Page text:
So if the faces are close enough to each other it can focus on one and go for a small dof that'll have them all sharp, if they're further away then it'll increase dof (and thus exposure time) and possible put actual focus somewhere in between the faces (again, if I'm not mistaken it's around 1/3 before your focal point and 2/3 after it that's sharp).

      • Re: (Score:2, Informative)

        by Trebawa (1461025)
        I have a PowerShot SX200, which is compact and DIGIC IV. It also shoots 720p. There's a beta of CHDK for it, and it's worked well so far.
    • Re: CHDK (Score:4, Informative)

      by kimvette (919543) on Wednesday March 17, 2010 @03:35PM (#31513832) Homepage Journal

      I use it on my S5 IS. I use the intervalometer, various grids (for composing level shots when it matters), the extended shutter modes (both slower and faster than the "stock" firmware allows) and of course the RGB histogram and on rare occasion raw. I don't use raw too often though because it slows the camere down a fair bit. However, CHDK is a wonderful tool and scripting it isn't too bad. The documentation is actually pretty good for a "young" open source project. In short, it makes point-and-shoot cameras usable where they otherwise wouldn't be, and where a point-and-shoot camera is preferable to a DSLR (such as when traveling), it can give you some of the capabilities you would normally turn to a DSLR for.

      I hope they manage to port it to the DSLRs, particularly the EOS 7D.

    • Re: (Score:3, Insightful)

      by xxdinkxx (560434)
      http://orbi.ulg.ac.be/bitstream/2268/12087/1/Barnich2009ViBe.pdf [ulg.ac.be] There is the paper in question. I despise the fact that I still have to pay for papers in IEEE silos when I am in fact a member.
      Yeah I could upgrade my subscription, but bah.

      RANT.YML
      rant:
      information should be free
    • Re: (Score:2, Informative)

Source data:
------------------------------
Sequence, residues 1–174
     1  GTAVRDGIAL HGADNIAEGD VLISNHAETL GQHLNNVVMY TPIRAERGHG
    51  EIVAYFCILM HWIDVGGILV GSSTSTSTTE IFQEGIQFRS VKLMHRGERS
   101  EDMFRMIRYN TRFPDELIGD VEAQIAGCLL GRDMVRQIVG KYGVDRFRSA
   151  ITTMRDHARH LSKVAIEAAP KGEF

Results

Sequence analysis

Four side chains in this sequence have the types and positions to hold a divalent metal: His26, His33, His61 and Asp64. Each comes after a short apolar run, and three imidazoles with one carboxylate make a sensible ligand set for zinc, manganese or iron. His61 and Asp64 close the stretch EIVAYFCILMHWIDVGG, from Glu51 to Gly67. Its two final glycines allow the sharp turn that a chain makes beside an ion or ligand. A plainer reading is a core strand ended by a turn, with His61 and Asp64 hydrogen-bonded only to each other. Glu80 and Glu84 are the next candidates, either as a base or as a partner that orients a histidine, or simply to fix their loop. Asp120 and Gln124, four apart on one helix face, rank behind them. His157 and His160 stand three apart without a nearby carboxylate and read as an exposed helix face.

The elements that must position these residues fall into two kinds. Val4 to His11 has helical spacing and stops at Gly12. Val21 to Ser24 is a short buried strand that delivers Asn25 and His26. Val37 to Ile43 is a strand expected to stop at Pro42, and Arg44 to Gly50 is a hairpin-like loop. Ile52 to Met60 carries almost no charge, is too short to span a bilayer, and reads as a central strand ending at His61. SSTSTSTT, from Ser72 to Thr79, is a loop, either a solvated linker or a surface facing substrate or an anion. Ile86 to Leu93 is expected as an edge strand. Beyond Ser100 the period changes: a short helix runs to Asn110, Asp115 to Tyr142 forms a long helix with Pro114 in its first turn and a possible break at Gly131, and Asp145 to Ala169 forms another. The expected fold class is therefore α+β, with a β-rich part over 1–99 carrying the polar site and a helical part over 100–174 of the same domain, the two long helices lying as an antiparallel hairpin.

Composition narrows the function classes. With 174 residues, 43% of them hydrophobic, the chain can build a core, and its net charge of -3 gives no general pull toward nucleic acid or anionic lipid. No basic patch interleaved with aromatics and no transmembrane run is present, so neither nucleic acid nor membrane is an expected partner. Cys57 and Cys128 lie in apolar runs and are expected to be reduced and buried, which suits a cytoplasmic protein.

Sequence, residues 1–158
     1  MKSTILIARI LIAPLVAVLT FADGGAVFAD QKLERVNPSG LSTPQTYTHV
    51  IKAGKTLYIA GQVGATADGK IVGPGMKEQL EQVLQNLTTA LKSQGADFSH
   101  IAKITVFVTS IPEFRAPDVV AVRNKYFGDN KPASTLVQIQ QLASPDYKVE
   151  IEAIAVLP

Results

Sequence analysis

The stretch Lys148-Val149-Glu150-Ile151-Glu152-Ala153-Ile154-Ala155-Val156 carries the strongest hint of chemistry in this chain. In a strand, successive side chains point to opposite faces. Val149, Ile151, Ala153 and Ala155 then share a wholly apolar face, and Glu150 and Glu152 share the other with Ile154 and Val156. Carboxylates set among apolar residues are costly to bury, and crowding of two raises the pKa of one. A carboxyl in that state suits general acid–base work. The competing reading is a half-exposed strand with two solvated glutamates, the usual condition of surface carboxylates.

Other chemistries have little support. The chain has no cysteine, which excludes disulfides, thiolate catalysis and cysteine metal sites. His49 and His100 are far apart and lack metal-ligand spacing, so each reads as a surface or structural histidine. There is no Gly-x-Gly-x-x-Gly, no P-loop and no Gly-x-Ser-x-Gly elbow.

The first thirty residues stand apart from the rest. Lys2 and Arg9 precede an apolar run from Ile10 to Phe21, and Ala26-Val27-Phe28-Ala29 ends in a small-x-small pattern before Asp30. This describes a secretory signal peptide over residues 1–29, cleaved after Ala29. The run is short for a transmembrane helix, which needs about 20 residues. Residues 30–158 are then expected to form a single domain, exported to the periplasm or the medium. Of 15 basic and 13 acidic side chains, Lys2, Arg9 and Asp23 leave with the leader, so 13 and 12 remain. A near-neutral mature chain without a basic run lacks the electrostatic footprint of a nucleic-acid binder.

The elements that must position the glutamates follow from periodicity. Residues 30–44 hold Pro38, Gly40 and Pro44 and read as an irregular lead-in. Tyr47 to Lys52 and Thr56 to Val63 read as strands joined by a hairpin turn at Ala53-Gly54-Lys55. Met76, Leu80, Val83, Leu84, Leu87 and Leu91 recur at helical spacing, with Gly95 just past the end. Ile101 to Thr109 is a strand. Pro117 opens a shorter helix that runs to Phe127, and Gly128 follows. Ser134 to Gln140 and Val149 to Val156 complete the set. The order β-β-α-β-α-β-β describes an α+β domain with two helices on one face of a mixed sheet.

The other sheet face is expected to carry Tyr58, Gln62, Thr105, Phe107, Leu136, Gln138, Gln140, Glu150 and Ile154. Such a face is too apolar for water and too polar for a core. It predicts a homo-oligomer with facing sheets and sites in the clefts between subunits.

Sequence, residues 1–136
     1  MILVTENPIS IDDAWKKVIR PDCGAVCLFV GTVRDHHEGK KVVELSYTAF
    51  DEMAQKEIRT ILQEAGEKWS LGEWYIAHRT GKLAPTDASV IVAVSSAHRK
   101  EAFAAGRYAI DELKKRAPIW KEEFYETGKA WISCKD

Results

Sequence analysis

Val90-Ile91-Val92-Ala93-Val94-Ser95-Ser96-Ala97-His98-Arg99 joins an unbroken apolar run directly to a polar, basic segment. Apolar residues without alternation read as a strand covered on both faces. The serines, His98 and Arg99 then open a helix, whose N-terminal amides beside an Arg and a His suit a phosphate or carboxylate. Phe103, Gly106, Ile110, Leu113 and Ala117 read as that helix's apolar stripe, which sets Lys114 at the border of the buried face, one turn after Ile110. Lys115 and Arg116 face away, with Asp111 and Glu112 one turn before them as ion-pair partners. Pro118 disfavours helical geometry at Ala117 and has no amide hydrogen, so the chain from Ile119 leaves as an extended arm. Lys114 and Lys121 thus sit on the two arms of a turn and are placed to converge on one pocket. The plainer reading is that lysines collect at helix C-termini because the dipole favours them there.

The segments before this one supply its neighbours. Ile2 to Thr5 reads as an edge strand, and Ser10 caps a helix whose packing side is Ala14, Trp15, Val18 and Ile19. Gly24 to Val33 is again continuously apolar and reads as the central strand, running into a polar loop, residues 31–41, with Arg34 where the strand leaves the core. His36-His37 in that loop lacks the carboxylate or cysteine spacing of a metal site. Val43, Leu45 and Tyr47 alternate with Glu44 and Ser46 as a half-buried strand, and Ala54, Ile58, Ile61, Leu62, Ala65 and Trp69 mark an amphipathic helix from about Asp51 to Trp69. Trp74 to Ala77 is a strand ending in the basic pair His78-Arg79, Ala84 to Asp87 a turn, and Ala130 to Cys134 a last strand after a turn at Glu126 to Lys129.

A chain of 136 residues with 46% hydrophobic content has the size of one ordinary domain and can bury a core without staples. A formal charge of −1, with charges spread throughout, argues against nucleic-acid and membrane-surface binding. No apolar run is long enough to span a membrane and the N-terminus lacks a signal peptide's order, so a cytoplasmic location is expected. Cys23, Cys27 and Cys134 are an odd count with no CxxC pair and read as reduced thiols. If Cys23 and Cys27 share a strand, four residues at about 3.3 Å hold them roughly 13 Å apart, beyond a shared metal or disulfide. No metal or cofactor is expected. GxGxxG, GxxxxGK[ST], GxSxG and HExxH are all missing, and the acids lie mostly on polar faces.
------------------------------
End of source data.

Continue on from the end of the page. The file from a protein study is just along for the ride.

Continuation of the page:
by Anonymous Coward

      Does repeating a link in the summary really count as informative?
      I know this article is only tangentially about CHDK but I've been looking into CHDK lately for a project so I thought I'd share some useful links.

      Supported Cameras [wikia.com]

      Note that a higher number doesn't mean it's a newer model. The A710 was released before the A590.
      Canon PowerShot A series info [wikipedia.org]

      CHDK Howto [hackaday.com]

      Info on how to make a port [mweerden.net]

      Info on implementing PTP in CHDK [mweerden.net]
      This is still relatively new but it could allow using a computer to remotely control the c

    • Wow! I didn't know people were doing this sort of thing. I have been leaning towards a Canon for other reasons, but this will weigh heavily in Canon's favour for my next camera purchase.
    • by ShakaUVM (157947)

      >>I use CHDK on my own Canon PowerShot. Good stuff.

      Ditto. When I get bored waiting for an animal to do something, I play Daleks on my camera. It's awesome.

    • by mctk (840035)

      Also use CHDK, also consider it good stuff. And I love the fact that my powershot takes AA batteries and has a standard USB connector. They've gotten more money out of me because of this, not in spite of it.

  • Subject pretty much says it all.

    Unfortunately, it seems many camera manufacturers - including Canon when it comes to their SLR line - are far happier to put any new functionality in newly released camera models and put them on the bullet list for those, rather than making it available for older models as well and just letting the new model's technical (rather than software) advantages make their sales.

  • Abstraction overload.

    I'm sure "video analysis" means something more concrete to those in the know (or not), but I can't shake off the feeling that it's all blahblahblah with no meaning other than to generate more blahblahblah.

    Guess it worked, too. Blah blah.

    Blah.








    Blah blha?

    • Re: (Score:2, Informative)

      by Anonymous Coward

      I'm sure "video analysis" means something more concrete to those in the know (or not), but I can't shake off the feeling that it's all blahblahblah with no meaning other than to generate more blahblahblah.

      OpenCV [wikipedia.org]
      Integrating Vision Toolkit [wikipedia.org]

      Think these libraries but on the camera. You take an image, you process HSV, contrast, and a bunch of other data to do shape detections, motion detection, etc.

    • by psbrogna (611644)
      Boss, is that you?
    • You said "blha" instead of "Blah" in the end. That makes no sense.

  • Interesting... (Score:4, Interesting)

    by fuzzyfuzzyfungus (1223518) on Wednesday March 17, 2010 @03:10PM (#31513412) Journal